Oculomotor events examined through eye tracking can be used to better understand human cognition, behavior, and physiological states. For instance, peak saccade velocity can be used to infer mental workload (Bachurina & Arsalidou, 2022) and pupil size dynamics can indicate arousal levels and changes in the intensity of attention (Strauch et al., 2022). Visual access to the external world, and thus to eye movement measures, is disrupted every 4 to 6 seconds by eyelid closure – a blink. The human brain has developed perceptual mechanisms which allow these mini blackouts to go unheeded. However, capturing this hardly noticeable eyelid movement can enrich psychology, neuroscience, and clinical research and improve gaze signal quality in eye tracking experiments.
Just as there are different types of eye movements, various indices of eyelid movements exist. Spontaneous eye blink is the most readily observable eyelid movement, but one can also measure partial blinks, eyelid saccades, or eyelid closing/opening times. At Tobii, we developed a new eye tracking signal for researchers – eye openness (EO) data signal, which represents a measure of the largest sphere that can fit between the upper and lower eyelids. The EO signal provides the basis for accurate eyelid movement detection, including different types of blinks.
The EO signal has been mainly used to detect drivers’ drowsiness - the major risk factor for driving accidents. Eyelid movements are one of the most stable and meaningful features for drowsiness detection. The characteristics of eyelid movements provide several metrics that can be used for drowsiness estimation (e.g., percentage of eye closure (PERCLOS), eyelid closing/opening duration and speed, blink rate).
Eyelid movements grant meaningful insights into human psychology and physiology. Spontaneous blink rate is robustly affected by mental workload, physiological state, and motivation (Biggs et al., 2015; Cori et al., 2019; Marquart et al., 2015). For instance, long blinks indicate fatigue and drowsiness, while short ones are related to sustained attention and increased motivation. Researchers in various fields measure blinks as a readout of perception of time (Terhune et al., 2016), creative thinking (Agnoli et al., 2022), and visual attention (Nakano et al., 2009).
Eye and eyelid movements are neuroanatomically linked. Eyelid movement dysfunctions can serve as a biomarker for various clinical conditions and complement the insights derived from other eye movement indices. For example, increased blink rate during fixation and pursuit can indicate the progression of Alzheimer’s (Coubard, 2016). With the EO signal at hand, it would now be possible to assess various eyelid movement-related dysfunctions, such as dry eye disease, blepharospasm, and ptosis (Hamedani & Gold, 2017). In animal and human studies, the eye blink rate is also used as a proxy for striatal dopamine availability. The EO signal now could help identify clinical conditions characterized by aberrant dopamine levels, such as Parkinson’s or schizophrenia (Jongkees & Colzato, 2016).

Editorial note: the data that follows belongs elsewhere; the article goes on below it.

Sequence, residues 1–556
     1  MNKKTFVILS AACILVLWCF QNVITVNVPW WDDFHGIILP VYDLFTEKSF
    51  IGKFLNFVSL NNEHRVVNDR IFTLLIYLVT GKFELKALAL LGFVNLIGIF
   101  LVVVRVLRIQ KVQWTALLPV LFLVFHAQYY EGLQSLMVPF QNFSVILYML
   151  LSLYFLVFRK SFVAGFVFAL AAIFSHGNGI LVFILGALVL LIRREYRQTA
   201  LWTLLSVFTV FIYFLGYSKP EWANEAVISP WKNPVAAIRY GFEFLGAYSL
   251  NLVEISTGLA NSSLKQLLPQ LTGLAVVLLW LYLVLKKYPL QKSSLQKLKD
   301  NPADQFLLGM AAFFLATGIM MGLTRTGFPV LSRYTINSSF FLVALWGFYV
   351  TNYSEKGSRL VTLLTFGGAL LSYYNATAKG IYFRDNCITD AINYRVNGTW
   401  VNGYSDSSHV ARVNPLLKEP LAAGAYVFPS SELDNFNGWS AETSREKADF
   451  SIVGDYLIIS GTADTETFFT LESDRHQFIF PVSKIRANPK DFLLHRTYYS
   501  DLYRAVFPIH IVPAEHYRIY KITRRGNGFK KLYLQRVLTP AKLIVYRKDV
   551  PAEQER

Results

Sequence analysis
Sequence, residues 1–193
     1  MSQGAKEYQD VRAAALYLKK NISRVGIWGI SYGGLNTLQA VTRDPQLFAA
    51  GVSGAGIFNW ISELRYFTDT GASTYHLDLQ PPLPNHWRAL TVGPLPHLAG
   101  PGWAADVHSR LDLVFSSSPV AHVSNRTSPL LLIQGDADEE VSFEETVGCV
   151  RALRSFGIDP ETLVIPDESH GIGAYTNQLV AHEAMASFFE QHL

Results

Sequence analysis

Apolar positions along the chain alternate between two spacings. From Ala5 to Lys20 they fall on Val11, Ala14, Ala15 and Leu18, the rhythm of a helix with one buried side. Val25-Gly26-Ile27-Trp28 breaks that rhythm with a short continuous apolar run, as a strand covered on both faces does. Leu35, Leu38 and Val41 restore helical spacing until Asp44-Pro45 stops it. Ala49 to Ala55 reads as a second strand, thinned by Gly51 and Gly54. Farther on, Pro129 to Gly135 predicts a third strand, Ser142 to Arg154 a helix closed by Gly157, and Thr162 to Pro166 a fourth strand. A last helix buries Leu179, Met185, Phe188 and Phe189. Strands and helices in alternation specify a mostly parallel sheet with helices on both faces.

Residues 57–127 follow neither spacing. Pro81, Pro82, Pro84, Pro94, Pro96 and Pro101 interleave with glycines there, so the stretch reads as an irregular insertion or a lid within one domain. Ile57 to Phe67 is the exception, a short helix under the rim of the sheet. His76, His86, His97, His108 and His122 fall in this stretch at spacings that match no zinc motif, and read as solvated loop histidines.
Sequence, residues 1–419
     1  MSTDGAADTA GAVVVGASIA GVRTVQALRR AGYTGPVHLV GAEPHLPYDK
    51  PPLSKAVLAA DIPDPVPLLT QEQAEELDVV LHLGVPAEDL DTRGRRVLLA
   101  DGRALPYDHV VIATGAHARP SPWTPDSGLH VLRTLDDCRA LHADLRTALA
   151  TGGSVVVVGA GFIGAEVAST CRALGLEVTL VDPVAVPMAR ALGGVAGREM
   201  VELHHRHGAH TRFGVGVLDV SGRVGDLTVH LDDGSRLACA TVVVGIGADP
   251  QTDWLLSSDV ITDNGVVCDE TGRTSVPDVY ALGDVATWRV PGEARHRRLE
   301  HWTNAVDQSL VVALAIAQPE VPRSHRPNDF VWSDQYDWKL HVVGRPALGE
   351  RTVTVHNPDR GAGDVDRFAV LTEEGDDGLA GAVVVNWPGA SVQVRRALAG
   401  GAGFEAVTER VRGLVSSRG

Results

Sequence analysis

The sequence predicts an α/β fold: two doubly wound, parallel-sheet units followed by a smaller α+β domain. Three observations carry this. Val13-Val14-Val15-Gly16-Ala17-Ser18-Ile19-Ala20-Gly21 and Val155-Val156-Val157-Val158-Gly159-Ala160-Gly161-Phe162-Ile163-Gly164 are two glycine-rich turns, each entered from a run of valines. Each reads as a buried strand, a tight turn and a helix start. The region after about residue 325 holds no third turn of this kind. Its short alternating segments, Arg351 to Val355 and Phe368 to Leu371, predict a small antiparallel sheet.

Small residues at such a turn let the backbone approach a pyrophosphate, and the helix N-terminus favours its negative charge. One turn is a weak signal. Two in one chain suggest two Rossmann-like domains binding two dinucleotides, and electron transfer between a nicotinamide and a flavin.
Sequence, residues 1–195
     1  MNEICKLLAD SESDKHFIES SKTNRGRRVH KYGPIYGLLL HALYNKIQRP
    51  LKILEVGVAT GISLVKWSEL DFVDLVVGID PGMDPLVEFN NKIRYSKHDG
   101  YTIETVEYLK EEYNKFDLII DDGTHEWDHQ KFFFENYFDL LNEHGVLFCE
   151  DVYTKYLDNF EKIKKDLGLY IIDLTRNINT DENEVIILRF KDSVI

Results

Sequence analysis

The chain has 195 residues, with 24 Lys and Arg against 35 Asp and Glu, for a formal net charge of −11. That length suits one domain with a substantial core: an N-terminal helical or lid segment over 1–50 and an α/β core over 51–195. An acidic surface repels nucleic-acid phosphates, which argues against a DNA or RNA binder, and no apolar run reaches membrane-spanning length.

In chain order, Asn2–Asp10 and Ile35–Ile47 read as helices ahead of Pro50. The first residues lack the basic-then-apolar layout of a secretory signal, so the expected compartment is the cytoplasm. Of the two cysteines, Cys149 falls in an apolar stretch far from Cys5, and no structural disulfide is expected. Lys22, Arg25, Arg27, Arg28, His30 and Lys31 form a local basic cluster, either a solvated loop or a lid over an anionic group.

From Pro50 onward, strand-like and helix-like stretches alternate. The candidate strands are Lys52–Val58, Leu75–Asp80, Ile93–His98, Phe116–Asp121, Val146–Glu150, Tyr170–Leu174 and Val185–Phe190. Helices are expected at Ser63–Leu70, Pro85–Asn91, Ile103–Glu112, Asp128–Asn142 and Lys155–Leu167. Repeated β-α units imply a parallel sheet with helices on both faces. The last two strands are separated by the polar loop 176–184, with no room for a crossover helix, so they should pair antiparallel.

Eyelid movement-related artifacts cause significant data alterations in the eye tracking data. There are various methods within the eye tracking community to detect eye blinks. However, some methods rely on missing data values or noise interpretation as blinks, which pose a risk for inaccurate blink detection and unwanted data included in the analysis. For instance, pupil diameter measurements can be contaminated (usually underestimated) if a blink is not correctly detected and removed. With the new EO signal, it is now possible to accurately estimate blinks and obtain a correct pupil diameter measurement.
Eyelid movements also perturb saccades. Saccades are accompanied by ballistic eyelid movements, so-called eyelid saccades, which occur in synchrony with the rotation of the eyeball. Blink perturbed saccades often show a diminished peak velocity and a two- or three-fold increase in their duration (Goossens & Van Opstal, 2000). In some medical conditions (e.g., Huntington’s) an accurate saccade detection is crucial as it can help indicate disease stage and progression (Miranda et al., 2016). An accurate eyelid movement detection by EO signal could help tackle inaccuracies in saccades indices.